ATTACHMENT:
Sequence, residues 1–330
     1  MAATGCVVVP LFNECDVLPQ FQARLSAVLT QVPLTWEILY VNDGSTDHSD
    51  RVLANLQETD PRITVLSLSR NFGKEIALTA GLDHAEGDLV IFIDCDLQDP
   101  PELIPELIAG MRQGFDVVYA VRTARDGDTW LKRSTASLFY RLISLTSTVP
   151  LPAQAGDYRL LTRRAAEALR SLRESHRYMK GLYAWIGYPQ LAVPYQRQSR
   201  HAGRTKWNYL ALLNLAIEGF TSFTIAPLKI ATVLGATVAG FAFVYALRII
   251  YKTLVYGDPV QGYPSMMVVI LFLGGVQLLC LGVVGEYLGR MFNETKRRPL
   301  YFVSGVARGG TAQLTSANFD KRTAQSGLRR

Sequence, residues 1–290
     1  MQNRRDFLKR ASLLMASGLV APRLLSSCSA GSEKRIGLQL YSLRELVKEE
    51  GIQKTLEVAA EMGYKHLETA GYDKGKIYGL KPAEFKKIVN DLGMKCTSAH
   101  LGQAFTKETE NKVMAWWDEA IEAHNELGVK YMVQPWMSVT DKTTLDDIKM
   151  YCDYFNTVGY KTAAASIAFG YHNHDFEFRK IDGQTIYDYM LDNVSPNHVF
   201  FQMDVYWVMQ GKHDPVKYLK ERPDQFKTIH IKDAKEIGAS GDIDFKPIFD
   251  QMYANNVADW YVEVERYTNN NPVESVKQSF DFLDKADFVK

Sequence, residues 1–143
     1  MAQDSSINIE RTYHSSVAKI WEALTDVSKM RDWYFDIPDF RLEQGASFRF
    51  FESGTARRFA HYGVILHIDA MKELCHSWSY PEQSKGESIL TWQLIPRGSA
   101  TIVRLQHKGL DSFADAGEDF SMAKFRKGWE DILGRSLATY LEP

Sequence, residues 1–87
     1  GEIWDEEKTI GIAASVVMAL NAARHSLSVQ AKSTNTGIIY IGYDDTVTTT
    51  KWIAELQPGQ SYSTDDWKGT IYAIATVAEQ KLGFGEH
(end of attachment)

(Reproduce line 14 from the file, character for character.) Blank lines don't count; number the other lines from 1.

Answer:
   201  FQMDVYWVMQ GKHDPVKYLK ERPDQFKTIH IKDAKEIGAS GDIDFKPIFD